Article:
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Liabilities. The SEC’s total liabilities were $2,298 million at September 30, 2013, an increase of $1,136 million or 98 percent from FY 2012. The change is mainly related to the increase in the liabilities for Disgorgement and Penalty cases recorded in the fourth quarter of FY 2012 and during FY 2013, stemming from amounts assessed against the following cases: • British Petroleum PLC ($525 million) • J.P. Morgan Securities LLC ($297 million) • J.P. Morgan Chase and Company ($200 million) • Credit Suisse Securities (USA) LLC ($120 million) • Yusaf Jawed, Grifphon Asset Management LLC, and Grifphon Holdings LLC ($68 million) For the assets received resulting from judgments, the SEC recognizes a corresponding liability as they are non-entity assets held pending distribution to harmed investors. Ending Net Position. The SEC’s net position, comprised of both unexpended appropriations and the cumulative results of operations, increased by $56 million or 1 percent between September 30, 2012 and September 30, 2013. The increase is primarily due to the SEC earning fee revenues in excess of program costs in its Salaries and Expenses and Reserve Funds, as discussed in the Results of Operations section on the next page.

CHART 1.4 FY 2013 LIABILITIES BY TYPE
1% 3% 3% 3% Liability for Disgorgement and Penalties Custodial Liability Accrued Payroll, Benefits and Leave 90% Registrant Deposits Accounts Payable and Other Liabilities

TABLE 1.3 LIABILITIES AS OF SEPTEMBER 30, 2013 AND 2012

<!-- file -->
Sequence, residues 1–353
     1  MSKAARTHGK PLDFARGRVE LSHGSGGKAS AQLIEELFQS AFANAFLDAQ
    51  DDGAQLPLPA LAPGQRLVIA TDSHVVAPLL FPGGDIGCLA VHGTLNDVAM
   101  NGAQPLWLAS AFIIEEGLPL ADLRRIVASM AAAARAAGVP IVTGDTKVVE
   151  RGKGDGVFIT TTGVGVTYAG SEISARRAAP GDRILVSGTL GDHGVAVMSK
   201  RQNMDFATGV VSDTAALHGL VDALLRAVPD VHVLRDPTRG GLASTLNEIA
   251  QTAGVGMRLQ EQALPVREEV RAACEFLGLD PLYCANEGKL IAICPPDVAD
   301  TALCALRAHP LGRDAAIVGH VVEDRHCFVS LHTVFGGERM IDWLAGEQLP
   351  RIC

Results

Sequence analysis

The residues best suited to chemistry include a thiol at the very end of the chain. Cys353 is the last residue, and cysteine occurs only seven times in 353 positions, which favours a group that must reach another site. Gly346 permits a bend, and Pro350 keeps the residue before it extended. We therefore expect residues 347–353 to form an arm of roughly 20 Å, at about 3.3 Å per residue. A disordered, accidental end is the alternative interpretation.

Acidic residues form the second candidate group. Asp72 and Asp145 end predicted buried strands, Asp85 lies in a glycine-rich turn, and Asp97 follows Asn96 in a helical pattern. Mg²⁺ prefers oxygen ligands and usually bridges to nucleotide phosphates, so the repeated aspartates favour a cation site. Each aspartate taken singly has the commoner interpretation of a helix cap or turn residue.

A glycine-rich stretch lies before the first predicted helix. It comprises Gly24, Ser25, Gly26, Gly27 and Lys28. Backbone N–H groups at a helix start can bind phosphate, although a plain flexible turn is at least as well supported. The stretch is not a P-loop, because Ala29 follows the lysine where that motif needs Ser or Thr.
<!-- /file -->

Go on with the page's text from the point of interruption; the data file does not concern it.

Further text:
(DOLLARS IN MILLIONS)

FY 2013 $ 2,065 69 70 44 33 17 $ 2,298

FY 2012 $ 933 62 68 48 34 17 $ 1,162

Liability for Disgorgement and Penalties Custodial Liability Accrued Payroll, Benefits and Leave Accounts Payable Registrant Deposits Other Liabilities Total Liabilities

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Results of Operations
Earned Revenues. Total earned revenues for the year ended September 30, 2013 increased $116 million over the total for FY 2012. Beginning in FY 2012, and as discussed below, the majority of the SEC’s filing fees are no longer used to partially fund the SEC’s operations and are now deposited to the U.S. Treasury General Fund upon collection. Reserve Fund. Section 991(e) of the Dodd-Frank Wall Street Reform and Consumer Protection Act (Dodd-Frank Act) authorized the creation of a Securities and Exchange Commission Reserve Fund (Reserve Fund). Funded from filing fee collections, the SEC can deposit up to $50 million per fiscal year, and the fund cannot hold more than $100 million in total. Excess filing fees are deposited to the U.S. Treasury General Fund. For the fiscal year ended September 30, 2013, filing fee revenues were $507 million. $50 million was deposited into the Reserve Fund, of which $2.5 million was sequestered. The excess of $457 million was earned on behalf of the U.S. Treasury General Fund. Filing fees deposited to the Reserve Fund can be used to fund the SEC’s operations, create budgetary authority, and are reported as a component of Appropriations (Discretionary and Mandatory) on the SEC’s Statement of Budgetary Resources. Filing fees deposited to the U.S. Treasury General Fund cannot be used to fund the SEC’s operations. These amounts do not create budgetary authority, and are reported as a component of Other Financing Sources: Other on the SEC’s Statement of Changes in Net Position. The Reserve Fund obligated $41 million as of September 30, 2013 for information technology-related projects, leaving a remaining amount of $44.5 million of available resources. Program Costs. Total Program Costs were $1,331 million for the year ended September 30, 2013, an increase of $133 million or 11 percent when compared to the prior year. Salary and Benefit Expenses increased $56 million, and Other Expenses increased $77 million when comparing FY 2013 to FY 2012.